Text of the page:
Green and dark green pigments, otherwise unidentified but supposedly earth greens (viride: 1-2, 14, 15).

Spanish green (viride Hispanicum: 1-25, 32, 36) and salt green (viride salsum: 1-32, 35), both of which types of verdigris are basic copper acetates, the latter perhaps with some chlorides. Their manufacture is described in some detail.

Prasinus is hard to identify, and we have not followed Dodwell in translating it as "earth green" (see 1-2, n. 1) (prasinus: 1-2, 3, 7, 11, 15).

Sucus is supposedly sap green (probably that made from buckthorn berries) which owes its color to chlorophyll (sucus: 1-14, 15, 16, 25). Other vegetable juices that are mentioned are those of iris, cabbage, and leek (sucus gladioli vel caulae vel porri: 1-32, elderberry juice (sucus sambuci: 1-14), and the material folium (see under red and blue pigments).

BLUE

Azure is the only mineral blue mentioned. Probably this was the mineral azurite, basic copper carbonate, Cu3- (CO3)2OH2, but Theophilus could have known other natural or artificial blue pigments, including ultramarine (which was prepared by a kind of flotation process) although he does not specifically mention them (lazur: 1-14, 15, 16). See Raft (1968).

Indigo, the vegetable color imported from the Orient (indicum: 1-14).

Folium, the red vegetable juice which became purple or violet when made alkaline with urine and wood ash, or blue when made still more alkaline with lime (folium: see 1-33, n. 1).

Menesc, a vegetable pigment of uncertain nature, but probably violet or dark blue, since it was used as an alternative to indigo or elderberry juice in robe painting (I-14) and as a complementary color to cinnabar or ocher in the rainbow (1-16). The word is of obscure origin but Kissling (quoted by Waetzoldt) suggests that it is derived from the Persian banaschi (violet) (menesc: 1-14, 16). Merrifield (1849) believed that it may have been madder, for mnitsch is the Indian name for this plant.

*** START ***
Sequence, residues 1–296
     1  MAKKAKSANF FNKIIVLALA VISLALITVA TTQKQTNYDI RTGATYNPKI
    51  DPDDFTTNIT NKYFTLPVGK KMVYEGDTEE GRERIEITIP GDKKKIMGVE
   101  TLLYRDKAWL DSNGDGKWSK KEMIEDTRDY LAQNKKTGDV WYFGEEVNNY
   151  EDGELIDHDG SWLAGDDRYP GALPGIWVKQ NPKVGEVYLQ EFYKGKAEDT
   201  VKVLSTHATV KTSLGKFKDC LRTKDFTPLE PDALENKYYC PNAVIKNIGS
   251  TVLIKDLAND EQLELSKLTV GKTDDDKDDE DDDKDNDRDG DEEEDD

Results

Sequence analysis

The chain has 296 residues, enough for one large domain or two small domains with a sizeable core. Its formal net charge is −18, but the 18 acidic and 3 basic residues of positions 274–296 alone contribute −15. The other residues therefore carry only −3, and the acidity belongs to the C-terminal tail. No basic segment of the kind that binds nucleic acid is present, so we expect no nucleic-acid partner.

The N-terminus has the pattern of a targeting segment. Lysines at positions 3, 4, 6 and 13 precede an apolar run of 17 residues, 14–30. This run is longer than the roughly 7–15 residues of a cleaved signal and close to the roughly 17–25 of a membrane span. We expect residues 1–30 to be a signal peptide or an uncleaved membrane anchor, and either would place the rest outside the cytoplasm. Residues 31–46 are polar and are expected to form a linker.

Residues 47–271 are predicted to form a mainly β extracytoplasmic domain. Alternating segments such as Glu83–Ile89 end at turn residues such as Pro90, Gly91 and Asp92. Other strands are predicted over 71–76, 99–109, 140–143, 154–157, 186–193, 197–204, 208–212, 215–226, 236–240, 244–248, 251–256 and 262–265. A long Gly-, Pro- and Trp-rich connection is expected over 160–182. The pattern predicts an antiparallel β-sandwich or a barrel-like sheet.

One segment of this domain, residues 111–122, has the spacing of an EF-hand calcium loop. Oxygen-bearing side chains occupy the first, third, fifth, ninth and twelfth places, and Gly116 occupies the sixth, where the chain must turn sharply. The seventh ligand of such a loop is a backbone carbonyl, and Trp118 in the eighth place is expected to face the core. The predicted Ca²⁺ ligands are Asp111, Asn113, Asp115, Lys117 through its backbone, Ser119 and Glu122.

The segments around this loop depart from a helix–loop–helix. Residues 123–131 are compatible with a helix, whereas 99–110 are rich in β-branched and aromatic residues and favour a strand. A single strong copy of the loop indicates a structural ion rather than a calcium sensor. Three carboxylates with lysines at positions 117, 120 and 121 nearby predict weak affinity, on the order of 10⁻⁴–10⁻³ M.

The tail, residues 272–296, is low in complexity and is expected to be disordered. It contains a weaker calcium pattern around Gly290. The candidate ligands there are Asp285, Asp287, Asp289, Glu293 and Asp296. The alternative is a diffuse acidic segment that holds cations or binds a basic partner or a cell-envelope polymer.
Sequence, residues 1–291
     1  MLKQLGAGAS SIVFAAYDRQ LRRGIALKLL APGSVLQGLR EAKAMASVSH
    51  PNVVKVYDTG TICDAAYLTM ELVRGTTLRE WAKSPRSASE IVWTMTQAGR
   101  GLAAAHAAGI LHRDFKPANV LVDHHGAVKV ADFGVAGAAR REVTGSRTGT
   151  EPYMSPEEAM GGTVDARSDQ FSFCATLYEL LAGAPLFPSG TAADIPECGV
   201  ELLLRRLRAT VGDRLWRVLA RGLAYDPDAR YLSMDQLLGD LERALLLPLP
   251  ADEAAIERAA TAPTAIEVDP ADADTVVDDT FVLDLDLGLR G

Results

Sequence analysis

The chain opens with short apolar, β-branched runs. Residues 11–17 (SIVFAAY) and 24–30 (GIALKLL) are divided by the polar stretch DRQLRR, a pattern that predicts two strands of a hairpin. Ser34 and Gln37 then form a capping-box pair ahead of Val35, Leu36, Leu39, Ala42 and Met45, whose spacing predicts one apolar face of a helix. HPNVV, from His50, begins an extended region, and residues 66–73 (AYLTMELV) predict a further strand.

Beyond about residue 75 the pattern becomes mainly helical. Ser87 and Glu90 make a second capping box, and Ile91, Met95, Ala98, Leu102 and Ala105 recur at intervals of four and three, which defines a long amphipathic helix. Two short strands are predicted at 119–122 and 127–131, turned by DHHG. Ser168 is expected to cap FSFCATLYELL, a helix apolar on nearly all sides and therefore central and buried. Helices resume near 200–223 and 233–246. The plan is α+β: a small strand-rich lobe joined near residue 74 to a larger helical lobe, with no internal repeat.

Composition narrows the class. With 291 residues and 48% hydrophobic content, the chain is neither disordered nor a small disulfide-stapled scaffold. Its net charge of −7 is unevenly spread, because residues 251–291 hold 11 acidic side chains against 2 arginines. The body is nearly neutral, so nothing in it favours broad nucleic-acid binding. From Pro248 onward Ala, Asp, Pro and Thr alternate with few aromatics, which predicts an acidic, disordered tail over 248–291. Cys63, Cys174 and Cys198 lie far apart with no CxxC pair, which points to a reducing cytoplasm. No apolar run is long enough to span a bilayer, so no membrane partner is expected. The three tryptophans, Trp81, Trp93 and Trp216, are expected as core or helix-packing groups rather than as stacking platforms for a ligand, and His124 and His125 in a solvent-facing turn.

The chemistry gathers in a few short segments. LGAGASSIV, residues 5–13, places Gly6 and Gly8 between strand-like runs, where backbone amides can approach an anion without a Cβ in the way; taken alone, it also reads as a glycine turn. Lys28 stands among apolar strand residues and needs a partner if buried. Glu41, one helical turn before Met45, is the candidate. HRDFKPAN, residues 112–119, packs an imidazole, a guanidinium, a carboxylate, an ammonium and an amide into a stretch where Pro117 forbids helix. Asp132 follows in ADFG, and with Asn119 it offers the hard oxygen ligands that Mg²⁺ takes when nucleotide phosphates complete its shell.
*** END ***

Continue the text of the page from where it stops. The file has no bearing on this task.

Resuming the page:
VIOLET

Menesc (see above).

Folium (see above).

Violet, an undescribed pigment or mixture of pigments, used as a robe color on a wall (violaticum: 1-14).

BLACK

A pigment frequently mentioned by Theophilus, though he nowhere describes its preparation. The best blacks of the period were lampblacks or ground charcoal made from vine, ground grapevine shoots being preferred (nigrum: 1-2, 6, 10-16).

Ink (incaustum), made from thornwood extract and green vitriol (1-38). Theophilus uses the word atramentum, which in classical Latin was a black pigment, only in places where the chemical context calls unmistakably for green vitriol and he certainly does not mean any of the carbon blacks as Waetzoldt has supposed. Vitriol was classically atramentum sutorium, shoemaker's black, but the term was often applied to blue vitriol and to astringent crystalline substances generally.

WHITE

Ceruse is the principal named white pigment, basic lead carbonate, the manufacture of which is described in 1-37 (cerosa: 1-1, 5, 12, 14, 25, 32, 37).

White pigment without fuller specification was probably ground bone ash, whiting, calcium carbonate, or lime (album: 1-6, 9, 14, 16).

Gypsum or chalk, ground and mixed with glue, was used as a ground for painting, the mixture later known as

CHAPTER 2

The Pigment "Prasinus"

This prasinus is, as it were, a special preparation with a resemblance to green and black. Its nature is such that it is not ground on a stone, but, when it is put into water, it disintegrates and it is then strained carefully through a cloth. It is very serviceable for use as green on a new wall.

COMPOUND PIGMENTS

Veneda, gray, mixed from black and white as in 1-6 (veneda: 1-6, 13, 15, 16).